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Nuclear specialists to set up commission to find source of ruthenium-106

November 24, 13:27 UTC+3 MOSCOW

As was reported earlier, European environmental monitoring services detected the traces of the ruthenium-106 radioactive isotope in the air in October. Similar results were reported from Russia.

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MOSCOW, November 24. /TASS/. Nuclear industry specialists will set up a commission to find the source of origin of the radioactive ruthenium-106 detected by European and Russian environmental monitoring systems in the atmosphere, Russia’s civil nuclear power corporation Rosatom reported on Friday.

"Considering that the Russian and European public as well as mass media have raised a straightforward issue to find the ruthenium-106 source of origin, which was detected in the atmosphere of a number of states, the scientists have proposed to set up an independent commission," Rosatom said in a statement.

The Institute of Nuclear Power Safe Development within the Russian Academy of Sciences has expressed its consent to coordinate the work to establish the commission of nuclear industry specialists.

On its part, Rosatom will provide all the necessary assistance to the commission’s work and will keep the public informed about its results.

As Rosatom said, the commission will bring together representatives of Russian and European scientific organizations, supervisory authorities and nuclear industry specialists with the required skills and survey capabilities.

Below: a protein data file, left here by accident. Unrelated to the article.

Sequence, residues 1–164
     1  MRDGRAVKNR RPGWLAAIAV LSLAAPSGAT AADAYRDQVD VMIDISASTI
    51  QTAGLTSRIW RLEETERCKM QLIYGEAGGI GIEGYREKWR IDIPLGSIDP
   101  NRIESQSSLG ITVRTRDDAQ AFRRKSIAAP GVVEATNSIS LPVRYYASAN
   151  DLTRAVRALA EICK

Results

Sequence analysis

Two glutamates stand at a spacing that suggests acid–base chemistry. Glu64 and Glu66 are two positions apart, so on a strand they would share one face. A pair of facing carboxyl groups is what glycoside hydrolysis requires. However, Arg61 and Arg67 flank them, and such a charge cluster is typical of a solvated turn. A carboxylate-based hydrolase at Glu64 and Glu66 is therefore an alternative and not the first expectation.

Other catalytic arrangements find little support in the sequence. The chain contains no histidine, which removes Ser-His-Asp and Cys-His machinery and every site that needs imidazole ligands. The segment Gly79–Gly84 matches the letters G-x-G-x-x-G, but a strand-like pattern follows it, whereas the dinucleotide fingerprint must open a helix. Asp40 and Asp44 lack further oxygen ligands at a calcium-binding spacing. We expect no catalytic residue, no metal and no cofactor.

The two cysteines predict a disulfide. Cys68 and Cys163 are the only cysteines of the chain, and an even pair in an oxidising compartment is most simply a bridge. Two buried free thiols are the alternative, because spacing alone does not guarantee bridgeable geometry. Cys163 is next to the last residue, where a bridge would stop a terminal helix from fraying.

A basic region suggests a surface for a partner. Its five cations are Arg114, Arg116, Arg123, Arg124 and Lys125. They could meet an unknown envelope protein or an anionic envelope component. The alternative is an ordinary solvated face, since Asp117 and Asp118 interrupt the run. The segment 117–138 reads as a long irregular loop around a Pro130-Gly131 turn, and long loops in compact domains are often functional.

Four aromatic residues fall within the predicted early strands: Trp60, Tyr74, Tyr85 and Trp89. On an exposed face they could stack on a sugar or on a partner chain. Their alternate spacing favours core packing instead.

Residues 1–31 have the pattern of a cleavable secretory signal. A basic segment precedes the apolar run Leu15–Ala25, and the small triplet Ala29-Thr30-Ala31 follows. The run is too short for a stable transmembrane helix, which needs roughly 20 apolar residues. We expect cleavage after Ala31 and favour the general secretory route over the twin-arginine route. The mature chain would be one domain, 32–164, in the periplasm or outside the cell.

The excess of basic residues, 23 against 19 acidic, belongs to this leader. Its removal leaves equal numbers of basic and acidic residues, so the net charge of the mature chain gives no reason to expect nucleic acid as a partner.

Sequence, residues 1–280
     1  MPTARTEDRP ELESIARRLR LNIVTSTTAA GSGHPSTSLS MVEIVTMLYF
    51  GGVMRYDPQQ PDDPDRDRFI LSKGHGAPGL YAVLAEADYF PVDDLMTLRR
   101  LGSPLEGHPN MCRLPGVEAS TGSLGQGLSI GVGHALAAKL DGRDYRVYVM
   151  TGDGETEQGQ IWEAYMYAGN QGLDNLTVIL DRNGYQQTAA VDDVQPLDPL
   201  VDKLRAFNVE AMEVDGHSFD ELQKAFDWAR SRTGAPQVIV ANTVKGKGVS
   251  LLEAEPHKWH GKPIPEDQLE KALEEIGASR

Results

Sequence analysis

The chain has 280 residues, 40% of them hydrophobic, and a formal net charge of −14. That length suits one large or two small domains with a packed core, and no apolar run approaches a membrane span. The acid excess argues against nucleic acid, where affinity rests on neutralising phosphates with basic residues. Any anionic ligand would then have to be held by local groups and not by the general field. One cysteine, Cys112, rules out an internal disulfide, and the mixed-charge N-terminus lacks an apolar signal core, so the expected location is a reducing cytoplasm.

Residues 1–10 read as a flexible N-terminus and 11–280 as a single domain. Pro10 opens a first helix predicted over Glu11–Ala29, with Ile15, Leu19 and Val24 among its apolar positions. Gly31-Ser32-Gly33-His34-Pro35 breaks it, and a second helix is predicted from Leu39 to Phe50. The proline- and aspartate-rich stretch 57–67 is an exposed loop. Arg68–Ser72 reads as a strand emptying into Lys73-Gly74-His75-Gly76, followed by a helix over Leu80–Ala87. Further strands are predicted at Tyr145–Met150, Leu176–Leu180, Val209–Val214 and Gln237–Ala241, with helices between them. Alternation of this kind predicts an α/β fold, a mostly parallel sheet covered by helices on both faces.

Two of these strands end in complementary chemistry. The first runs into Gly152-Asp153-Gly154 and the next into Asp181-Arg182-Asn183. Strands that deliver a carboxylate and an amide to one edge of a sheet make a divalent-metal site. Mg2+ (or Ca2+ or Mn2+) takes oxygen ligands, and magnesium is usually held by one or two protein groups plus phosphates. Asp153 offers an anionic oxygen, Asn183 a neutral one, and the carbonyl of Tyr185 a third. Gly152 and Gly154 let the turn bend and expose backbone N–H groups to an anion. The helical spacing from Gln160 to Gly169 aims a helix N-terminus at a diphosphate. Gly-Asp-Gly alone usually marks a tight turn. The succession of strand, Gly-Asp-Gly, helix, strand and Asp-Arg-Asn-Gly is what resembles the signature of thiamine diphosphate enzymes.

The commission will make a repeat analysis of radiation control monitoring data, develop and verify computer models reconstructing the spread and flow of air masses.

As was reported earlier, European environmental monitoring services detected the traces of the ruthenium-106 radioactive isotope in the air in October. Similar results were reported from Russia.

The Institute of Nuclear Power Safe Development within the Russian Academy of Sciences and the Russian national commission for protection against radiation risk noted that the ruthenium-106 levels registered in the atmosphere in late September and early October were by up to 10,000 times below the permissible concentrations and posed no danger for people and the environment. At the same time, they came up with an initiative to set up an independent group of scientists to identify the causes of the radionuclide’s discharge into the atmosphere.

Rosatom confirmed earlier that all the nuclear facilities in Russia, including nuclear power units as well as the nuclear weapons sector’s enterprises, have operated and are operating routinely.

No radiation incidents at the facilities of the nuclear sector have been reported or registered. Radiation levels around all of Russia’s nuclear industry facilities have been monitored continuously and stay within the limits of the multi-year natural values and correspond to the natural background level.

The lack of linkage between the emergence of ruthenium-106 and the activities of Russian nuclear enterprises has been confirmed by all required external and internal inspections.

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